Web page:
Topical cyclosporine prevents vernal keratoconjunctivitis’ flare-ups
Published Online: August 26, 2011
Vernal keratoconjunctivitis (VKC) is a severe inflammatory disease that primarily affects children and is characterized by acute flare-ups that can permanently compromise vision. The physician’s primary objective is to prevent these acute flare-ups, as well as treat them when they do occur with the safest therapy available. The often remarkable recovery with steroids tempts the caretaker to overuse, and the chronic nature of this disease demands strict surveillance against steroid abuse, which inevitably leads to potential side effects such as cataract and glaucoma.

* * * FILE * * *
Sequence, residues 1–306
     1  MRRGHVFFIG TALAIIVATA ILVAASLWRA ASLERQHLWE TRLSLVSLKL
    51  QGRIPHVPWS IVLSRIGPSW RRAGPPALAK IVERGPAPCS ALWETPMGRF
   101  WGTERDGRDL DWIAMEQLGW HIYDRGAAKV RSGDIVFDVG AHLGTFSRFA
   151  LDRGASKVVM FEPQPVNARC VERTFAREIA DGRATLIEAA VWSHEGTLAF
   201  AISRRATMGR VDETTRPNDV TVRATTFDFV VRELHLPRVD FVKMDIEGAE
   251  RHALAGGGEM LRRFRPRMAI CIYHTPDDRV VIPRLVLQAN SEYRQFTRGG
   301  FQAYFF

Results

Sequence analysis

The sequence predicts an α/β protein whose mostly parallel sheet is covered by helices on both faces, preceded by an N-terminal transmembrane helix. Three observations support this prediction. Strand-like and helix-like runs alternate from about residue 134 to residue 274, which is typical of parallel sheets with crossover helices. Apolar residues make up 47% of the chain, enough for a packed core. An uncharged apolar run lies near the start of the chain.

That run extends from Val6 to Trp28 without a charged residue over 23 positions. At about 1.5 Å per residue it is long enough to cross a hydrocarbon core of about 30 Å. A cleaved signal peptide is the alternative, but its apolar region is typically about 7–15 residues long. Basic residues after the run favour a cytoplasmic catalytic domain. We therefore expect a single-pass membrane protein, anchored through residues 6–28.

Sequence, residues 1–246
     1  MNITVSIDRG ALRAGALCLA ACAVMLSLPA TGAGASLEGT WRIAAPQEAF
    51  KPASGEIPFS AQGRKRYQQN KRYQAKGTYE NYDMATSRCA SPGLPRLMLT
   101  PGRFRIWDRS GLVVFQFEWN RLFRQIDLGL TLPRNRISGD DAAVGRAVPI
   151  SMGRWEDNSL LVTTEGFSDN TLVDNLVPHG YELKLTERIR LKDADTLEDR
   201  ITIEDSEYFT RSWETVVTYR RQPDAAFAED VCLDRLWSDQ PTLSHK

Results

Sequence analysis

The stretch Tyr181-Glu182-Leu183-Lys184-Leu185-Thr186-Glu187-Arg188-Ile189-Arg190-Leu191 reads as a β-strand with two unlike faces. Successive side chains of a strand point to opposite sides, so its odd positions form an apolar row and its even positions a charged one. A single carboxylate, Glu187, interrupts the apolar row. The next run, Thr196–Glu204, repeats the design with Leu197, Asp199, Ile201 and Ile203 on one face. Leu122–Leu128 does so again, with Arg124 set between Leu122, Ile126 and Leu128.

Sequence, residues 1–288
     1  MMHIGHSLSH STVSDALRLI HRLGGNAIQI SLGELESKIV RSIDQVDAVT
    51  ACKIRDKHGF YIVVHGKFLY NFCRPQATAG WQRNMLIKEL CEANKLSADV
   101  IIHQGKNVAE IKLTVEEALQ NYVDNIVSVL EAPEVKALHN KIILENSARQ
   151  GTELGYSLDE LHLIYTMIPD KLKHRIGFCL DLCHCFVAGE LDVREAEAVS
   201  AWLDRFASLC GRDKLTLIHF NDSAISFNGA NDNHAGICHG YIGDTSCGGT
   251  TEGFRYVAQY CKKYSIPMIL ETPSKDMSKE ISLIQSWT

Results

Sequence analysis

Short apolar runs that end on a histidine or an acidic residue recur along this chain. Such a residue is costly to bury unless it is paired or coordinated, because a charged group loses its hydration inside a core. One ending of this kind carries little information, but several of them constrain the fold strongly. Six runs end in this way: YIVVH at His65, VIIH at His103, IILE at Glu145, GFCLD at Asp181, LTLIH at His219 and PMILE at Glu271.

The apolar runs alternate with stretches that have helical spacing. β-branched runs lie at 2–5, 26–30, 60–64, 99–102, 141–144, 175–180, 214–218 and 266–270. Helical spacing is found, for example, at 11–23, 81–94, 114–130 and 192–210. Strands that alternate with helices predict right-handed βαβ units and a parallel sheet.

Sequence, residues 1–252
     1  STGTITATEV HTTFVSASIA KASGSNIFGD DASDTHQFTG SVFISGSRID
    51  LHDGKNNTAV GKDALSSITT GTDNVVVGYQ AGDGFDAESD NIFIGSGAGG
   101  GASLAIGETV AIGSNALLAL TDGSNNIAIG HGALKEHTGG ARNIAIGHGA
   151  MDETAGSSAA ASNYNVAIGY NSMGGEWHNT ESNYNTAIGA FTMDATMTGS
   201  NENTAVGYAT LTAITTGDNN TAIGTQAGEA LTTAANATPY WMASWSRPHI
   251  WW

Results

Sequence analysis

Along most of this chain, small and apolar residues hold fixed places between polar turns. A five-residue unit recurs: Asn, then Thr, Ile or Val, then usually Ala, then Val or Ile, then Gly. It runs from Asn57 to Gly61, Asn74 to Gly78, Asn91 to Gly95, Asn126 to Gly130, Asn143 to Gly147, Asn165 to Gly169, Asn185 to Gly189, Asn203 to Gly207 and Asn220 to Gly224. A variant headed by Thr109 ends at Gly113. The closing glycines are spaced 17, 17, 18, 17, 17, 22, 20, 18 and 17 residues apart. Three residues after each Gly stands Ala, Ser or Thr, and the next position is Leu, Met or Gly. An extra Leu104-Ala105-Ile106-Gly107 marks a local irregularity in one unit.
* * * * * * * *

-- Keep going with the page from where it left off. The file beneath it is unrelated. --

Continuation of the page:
In a two-year study, published recently in The Journal of Allergy and Clinical Immunology (JACI), Lambiase et al. treated 31 patients with a long term, daily preventative treatment of a low concentration of cyclosporine (0.05%). They found that less than half of the patients had recurrences and remained recurrence-free for a significantly long period of time. These findings that cyclosporine significantly affected the course of VKC, demonstrates that it is a valid steroid-sparing therapy.
The Journal of Allergy and Clinical Immunology (JACI) is the official scientific journal of the AAAAI, and is the most-cited journal in the field of allergy and clinical immunology.